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June 24, 2006

Transplanting a Ginkgo

Hi Im Adam and Id like to share my success with transplanting my 25' tall ginko. Last November 2005 after leave fall I dug up the tree with a power washer for the most part completely washing the roots of any soil but always kept them wet. The amount of root was very small considering its perfect woodland soil, perhaps 3 square foot with a few 7 foot runs which were damaged in the process. The day was late and I trailored the tree 5 miles to my house and had no time to plant it so I kept it under a fine mist sprinkler all night. First thing in the morning I planted it in fairly clay ridden soil with a gallon of root food. Then the unlikely heat wave came and the tree quickly put out 5,000 green buds. I thought for sure this was a bad sign as 30 days later NJ winter was in place. The buds sealed the winter was mild and finally mid-spring the tree put out leaves like nothing ever happened and is currently doing perfect. As a guide I think the power washer is perfect for this task if care is taken not to apply the stream to close to the roots. I basically washed away the top soil then parted the mud right along the tree to insert the wand then prodded the wand up and down and around undermining the root ball. I believe if I had to do it again I could get the job done in an hour with zero root damage. I also think a hose attachment would suffice if you used a wet shop vac to remove the mud simultaneously. PS the birds seem to love this tree.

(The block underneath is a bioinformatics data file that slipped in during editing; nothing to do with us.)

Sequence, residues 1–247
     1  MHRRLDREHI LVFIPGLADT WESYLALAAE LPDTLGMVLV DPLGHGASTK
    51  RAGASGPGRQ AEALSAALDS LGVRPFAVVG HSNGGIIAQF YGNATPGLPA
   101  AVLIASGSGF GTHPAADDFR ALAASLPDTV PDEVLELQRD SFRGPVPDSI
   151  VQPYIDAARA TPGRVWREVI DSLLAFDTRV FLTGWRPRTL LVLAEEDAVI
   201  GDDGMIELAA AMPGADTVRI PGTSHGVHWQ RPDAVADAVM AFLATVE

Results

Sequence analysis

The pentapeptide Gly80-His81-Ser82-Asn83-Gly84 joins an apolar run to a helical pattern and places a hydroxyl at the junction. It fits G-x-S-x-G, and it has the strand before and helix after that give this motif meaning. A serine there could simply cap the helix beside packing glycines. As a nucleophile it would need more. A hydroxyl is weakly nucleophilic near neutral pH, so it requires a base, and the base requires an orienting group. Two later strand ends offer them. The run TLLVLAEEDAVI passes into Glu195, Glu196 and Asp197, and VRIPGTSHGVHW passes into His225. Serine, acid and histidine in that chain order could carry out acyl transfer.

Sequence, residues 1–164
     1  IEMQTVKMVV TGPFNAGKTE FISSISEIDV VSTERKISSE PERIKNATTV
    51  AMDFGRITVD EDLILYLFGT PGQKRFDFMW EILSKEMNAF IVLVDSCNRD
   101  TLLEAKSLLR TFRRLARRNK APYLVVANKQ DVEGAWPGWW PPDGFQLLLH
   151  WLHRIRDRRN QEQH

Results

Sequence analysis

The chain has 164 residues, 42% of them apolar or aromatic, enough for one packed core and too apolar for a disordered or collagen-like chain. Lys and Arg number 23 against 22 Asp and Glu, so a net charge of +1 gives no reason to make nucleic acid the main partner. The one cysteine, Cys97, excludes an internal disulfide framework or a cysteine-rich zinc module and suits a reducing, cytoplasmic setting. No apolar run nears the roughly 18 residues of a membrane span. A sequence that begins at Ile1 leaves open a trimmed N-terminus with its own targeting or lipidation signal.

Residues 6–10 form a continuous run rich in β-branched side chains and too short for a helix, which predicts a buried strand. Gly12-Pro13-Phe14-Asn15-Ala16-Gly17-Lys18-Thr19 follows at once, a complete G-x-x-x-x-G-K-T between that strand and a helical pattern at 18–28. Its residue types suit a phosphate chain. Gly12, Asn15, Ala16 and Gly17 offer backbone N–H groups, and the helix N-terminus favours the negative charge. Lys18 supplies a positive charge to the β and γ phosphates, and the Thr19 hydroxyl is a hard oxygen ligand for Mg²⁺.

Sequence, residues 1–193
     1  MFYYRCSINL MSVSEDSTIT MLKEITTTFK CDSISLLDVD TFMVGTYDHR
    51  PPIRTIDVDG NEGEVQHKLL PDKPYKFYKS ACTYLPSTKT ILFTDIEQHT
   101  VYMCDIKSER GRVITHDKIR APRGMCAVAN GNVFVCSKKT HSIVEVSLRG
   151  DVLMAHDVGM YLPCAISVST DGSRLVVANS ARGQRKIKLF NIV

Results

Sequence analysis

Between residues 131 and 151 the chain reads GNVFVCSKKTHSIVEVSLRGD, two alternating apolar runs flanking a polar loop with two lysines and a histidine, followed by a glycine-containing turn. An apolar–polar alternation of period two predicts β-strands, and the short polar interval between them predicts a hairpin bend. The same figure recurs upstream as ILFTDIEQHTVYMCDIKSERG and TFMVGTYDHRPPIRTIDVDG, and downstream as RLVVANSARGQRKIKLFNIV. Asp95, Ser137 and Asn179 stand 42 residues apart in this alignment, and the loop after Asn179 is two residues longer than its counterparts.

Topic by Adam, NJ


At 7/12/2006, Anonymous Anonymous said...

Great idea! I've used 'HortAsorb' for my transplanted larger trees up to 8 feet high to keep the roots moist. My 14 footer has me thinking because of the huge amount of hand digging. Now I know how to 'dig' the big one. It's July now so I'm going to wait until spring to do the job. To keep the spray from drenching everything including my shoes I'm going to place a large funnel top side down around the sprayer wand near the ground to keep the spray somewhat contained. Thanks for the tip!

At 7/22/2006, Anonymous Anonymous said...

An interesting site about transplanting Ginkgos with photos:

At 8/08/2006, Anonymous Anonymous said...

WOW, very nice job. That tree will make it.

At 12/04/2006, Anonymous Anonymous said...

We live in Wisconsin and we are in the process of buying land to buld our retirement home on and just learned that we have Ginkgo trees. We thought that they were crab apple trees. Some of them are right in the area that we will be building our house in and we would prefer not to cut them down. Is there any chance that we can move them? Is there any organization that would help with what we need to do?
Question by Laura Lowrey.

At 3/15/2011, Anonymous Anonymous said...

At 9/03/2011, Blogger hansning said...

What a great idea. I may give this a shot. I moved one of our 2 ginkgos last year, and it nearly died. It is now severely deformed, but still alive. I hope to move the other one too, but hopefully with better techniques this time.


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